You and your family are getting ready to drive for three hours to Gammy’s 80th birthday party. You and your spouse have both been waiting for months to catch up with your relatives, and you are even going to get to meet your newborn nephew for the first time since your brother and his wife are flying out for the party. As you excitedly wake up your children, you notice that one of them doesn’t want to wake up, looks flushed, and feels hot to the touch. At this point you have two choices, you can drug up your kid, shove them in the car, and expose your elderly grammy and newborn nephew to whatever your child has caught, or one of you adults can stay home while the rest of the family goes to the party. I think it’s pretty obvious by my choice of phrasing which option makes more sense. But in situations like this, peoples ambition to get what they want can easily take over, and soon you’ve made a huge mistake that not only isn’t the best parenting choice for your child, but could also effect the health of your relatives in a negative way.
In situations like this, ambition becomes selfish, and is definitely bad. Although the motive of wanting to see your family is good, the way you are accomplishing it by not allowing your sick child to rest and exposing the rest of your family members at the party to germs, is bad. But ambition isn’t always selfish, and it isn’t always bad.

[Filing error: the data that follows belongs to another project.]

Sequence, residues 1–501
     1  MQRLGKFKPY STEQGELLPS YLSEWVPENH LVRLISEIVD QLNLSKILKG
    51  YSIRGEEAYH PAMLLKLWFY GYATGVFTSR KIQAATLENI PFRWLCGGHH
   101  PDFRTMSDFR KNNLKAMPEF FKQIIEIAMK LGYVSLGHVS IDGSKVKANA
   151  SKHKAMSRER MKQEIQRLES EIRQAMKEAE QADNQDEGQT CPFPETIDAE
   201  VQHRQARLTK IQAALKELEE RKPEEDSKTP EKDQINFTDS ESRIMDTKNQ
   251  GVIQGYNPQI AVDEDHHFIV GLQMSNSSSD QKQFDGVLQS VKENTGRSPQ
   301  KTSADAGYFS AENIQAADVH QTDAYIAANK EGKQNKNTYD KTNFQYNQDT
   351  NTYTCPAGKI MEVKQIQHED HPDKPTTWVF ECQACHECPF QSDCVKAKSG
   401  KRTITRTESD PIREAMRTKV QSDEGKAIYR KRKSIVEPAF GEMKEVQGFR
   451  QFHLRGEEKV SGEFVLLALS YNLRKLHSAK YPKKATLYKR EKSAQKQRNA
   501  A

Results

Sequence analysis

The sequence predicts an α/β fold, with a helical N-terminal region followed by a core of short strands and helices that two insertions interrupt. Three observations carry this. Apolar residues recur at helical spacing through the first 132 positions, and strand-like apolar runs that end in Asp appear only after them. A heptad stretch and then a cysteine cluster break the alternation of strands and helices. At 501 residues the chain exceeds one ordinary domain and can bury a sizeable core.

The Pro Side of Ambition.
Let me start off by saying that pretty much anytime you are willing to inconvenience yourself (and yourself only, this isn’t involving your small children) to achieve someone else’s positive goal, ambition is good. Willingness to be ambitious to help others is something positive. Ambition can also be the tool that propels you to keep going and accomplish your goal even though you feel like giving up and walking away. Let’s look at another travel example of when ambition is a good thing: